New hope for fatal muscle flaw in boys

The most common fatal genetic disorder in children is Duchenne muscular dystrophy (DMD), the muscle-weakening condition affecting as many as one in 3,500 boys worldwide.

“Children with DMD often die either because their heart loses the strength to pump, or their diaphragm becomes too weak to breathe,” said Dr Eric Olson, Director of UT Southwestern’s Hamon Center for Regenerative Science and Medicine in Dallas, US.

Symptoms usually appear when a child is between three and five years old, and begin with a weakening of the hips, thighs and shoulders.

By the time they reach their early teens the heart and breathing muscles also begin to be affected.

Currently there’s no cure for the condition and it often kills patients by their early 30s.

Now scientists have made a breakthrough in the search for a treatment, but currently the studies have only been carried out in dogs.

Researchers have found a way to edit genes so that they can rebuild weakened muscles. Experts say their approach is new because it tackles the cause of the disease instead of its symptoms.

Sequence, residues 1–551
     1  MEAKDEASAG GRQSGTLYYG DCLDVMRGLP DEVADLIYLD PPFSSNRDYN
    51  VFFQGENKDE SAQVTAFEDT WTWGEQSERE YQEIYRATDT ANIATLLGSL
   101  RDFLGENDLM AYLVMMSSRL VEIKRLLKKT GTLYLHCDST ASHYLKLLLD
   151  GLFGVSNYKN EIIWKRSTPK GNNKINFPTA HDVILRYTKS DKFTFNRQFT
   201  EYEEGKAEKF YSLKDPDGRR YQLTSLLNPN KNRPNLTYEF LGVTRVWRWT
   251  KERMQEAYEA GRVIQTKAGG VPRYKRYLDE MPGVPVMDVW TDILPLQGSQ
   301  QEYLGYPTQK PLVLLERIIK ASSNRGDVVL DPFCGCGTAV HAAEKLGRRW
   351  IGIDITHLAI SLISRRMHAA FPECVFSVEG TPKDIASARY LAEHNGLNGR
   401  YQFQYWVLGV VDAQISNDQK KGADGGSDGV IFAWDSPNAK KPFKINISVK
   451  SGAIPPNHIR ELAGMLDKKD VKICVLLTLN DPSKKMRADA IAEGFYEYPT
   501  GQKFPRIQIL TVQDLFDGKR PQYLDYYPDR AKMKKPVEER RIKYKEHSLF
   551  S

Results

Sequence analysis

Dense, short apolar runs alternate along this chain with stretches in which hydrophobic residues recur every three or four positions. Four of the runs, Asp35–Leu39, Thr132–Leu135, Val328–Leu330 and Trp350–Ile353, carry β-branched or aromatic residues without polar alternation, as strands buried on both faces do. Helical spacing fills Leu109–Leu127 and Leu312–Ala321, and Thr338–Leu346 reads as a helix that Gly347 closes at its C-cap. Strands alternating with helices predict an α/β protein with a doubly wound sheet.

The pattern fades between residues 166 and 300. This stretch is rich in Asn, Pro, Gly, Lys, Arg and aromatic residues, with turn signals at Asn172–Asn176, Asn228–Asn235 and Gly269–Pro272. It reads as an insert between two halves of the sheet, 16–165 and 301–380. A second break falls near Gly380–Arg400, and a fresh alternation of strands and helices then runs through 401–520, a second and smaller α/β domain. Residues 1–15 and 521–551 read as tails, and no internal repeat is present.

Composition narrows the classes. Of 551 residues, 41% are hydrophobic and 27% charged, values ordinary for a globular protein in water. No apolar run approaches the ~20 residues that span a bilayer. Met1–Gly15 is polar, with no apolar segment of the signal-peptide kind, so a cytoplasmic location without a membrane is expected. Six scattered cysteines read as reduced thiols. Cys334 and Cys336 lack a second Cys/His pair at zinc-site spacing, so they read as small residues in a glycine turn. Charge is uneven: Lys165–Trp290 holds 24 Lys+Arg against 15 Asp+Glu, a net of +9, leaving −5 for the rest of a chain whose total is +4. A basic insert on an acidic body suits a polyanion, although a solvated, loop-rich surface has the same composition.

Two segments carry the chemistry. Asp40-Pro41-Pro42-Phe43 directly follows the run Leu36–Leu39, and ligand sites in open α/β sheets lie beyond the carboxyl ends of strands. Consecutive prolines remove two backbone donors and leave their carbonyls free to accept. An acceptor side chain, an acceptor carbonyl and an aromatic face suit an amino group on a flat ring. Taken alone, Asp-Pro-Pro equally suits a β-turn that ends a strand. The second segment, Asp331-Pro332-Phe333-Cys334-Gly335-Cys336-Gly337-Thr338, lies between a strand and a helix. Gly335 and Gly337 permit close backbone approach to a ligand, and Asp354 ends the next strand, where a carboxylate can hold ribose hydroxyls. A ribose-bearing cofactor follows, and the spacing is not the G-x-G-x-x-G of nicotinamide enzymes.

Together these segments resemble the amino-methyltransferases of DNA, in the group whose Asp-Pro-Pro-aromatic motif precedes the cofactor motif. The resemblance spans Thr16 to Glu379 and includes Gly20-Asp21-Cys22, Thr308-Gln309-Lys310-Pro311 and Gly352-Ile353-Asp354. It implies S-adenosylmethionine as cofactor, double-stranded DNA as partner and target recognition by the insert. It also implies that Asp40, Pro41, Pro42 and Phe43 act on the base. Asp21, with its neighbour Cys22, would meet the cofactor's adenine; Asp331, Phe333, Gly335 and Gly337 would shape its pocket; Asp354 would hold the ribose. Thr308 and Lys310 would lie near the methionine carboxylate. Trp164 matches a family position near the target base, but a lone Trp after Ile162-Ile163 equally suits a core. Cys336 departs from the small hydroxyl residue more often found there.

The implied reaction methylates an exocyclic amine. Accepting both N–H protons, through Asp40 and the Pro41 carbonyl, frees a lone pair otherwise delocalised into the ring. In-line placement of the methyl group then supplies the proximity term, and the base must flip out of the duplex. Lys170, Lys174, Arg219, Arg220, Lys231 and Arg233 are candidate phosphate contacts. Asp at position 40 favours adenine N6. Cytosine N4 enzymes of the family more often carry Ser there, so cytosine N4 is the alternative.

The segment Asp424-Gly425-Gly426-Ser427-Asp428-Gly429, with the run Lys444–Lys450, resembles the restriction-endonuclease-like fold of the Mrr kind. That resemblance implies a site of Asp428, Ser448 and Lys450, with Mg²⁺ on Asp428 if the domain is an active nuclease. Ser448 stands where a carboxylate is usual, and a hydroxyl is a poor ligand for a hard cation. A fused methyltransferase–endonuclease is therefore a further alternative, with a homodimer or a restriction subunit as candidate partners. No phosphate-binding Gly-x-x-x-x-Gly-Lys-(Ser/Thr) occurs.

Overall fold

Scientists from the University of Texas say what they managed to achieve was “unprecedented” and could save the lives of people living with DMD, adding: “This would hopefully prevent patients from dying of the disease.”

It was already known that DMD is caused by the body failing to produce the protein dystrophin, which is important for muscles to be able to function properly.

DMD mainly affects boys because it’s caused by a gene mutation on the X chromosome of which boys have only one. Girls have two and so have a back-up if one is damaged.

By editing damaged DNA, the researchers are able to reboot the body’s production of dystrophin, boosting levels close to normal within weeks of treatment.

In the heart, dystrophin levels could rise to 92% of normal, and in the diaphragm – the main chest muscle needed for breathing – by 58%.

To help bring dystrophin back up to healthy levels researchers used a harmless virus which was programmed to edit out harmful gene mutations.

Dr Leonela Amoasii, lead author of the study, said: “Our strategy is different from other therapeutic approaches for DMD because it edits the mutation that causes the disease and restores normal expression of the repaired dystrophin.

“But we have more to do before we can use this clinically.”